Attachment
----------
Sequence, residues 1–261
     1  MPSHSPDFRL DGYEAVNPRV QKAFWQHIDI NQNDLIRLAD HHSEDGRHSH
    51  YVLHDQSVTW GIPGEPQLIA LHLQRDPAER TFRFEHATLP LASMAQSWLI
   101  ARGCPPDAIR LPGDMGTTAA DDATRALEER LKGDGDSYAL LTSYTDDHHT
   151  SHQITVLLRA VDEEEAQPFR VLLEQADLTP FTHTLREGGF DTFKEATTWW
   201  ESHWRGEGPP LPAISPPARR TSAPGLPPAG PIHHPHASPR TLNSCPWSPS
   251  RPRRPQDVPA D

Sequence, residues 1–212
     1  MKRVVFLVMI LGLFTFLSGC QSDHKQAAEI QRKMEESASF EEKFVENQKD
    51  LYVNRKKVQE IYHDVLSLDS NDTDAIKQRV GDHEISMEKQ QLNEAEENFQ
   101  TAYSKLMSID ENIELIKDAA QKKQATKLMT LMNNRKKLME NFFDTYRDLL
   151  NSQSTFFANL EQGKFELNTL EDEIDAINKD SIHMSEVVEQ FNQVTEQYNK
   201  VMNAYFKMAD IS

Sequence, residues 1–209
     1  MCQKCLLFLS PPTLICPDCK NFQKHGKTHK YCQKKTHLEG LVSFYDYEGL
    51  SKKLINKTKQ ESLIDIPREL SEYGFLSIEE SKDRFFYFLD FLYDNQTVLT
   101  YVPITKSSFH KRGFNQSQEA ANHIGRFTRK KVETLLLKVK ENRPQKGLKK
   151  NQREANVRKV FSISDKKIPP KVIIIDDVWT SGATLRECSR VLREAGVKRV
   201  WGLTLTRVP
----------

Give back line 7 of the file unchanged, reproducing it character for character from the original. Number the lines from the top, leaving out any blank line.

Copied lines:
   251  RPRRPQDVPA D